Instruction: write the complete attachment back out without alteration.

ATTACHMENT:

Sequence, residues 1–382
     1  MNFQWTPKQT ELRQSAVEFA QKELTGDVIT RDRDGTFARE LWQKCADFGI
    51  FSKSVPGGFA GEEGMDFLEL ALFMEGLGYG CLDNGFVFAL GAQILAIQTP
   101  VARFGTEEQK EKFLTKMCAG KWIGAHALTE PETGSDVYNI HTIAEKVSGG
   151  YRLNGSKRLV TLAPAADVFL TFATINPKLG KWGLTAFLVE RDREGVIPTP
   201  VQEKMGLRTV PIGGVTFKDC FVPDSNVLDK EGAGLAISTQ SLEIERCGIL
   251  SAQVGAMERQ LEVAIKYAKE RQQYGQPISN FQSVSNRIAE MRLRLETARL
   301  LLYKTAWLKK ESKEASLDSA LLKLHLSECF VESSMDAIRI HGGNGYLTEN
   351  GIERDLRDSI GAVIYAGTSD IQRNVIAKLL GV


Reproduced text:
Sequence, residues 1–382
     1  MNFQWTPKQT ELRQSAVEFA QKELTGDVIT RDRDGTFARE LWQKCADFGI
    51  FSKSVPGGFA GEEGMDFLEL ALFMEGLGYG CLDNGFVFAL GAQILAIQTP
   101  VARFGTEEQK EKFLTKMCAG KWIGAHALTE PETGSDVYNI HTIAEKVSGG
   151  YRLNGSKRLV TLAPAADVFL TFATINPKLG KWGLTAFLVE RDREGVIPTP
   201  VQEKMGLRTV PIGGVTFKDC FVPDSNVLDK EGAGLAISTQ SLEIERCGIL
   251  SAQVGAMERQ LEVAIKYAKE RQQYGQPISN FQSVSNRIAE MRLRLETARL
   301  LLYKTAWLKK ESKEASLDSA LLKLHLSECF VESSMDAIRI HGGNGYLTEN
   351  GIERDLRDSI GAVIYAGTSD IQRNVIAKLL GV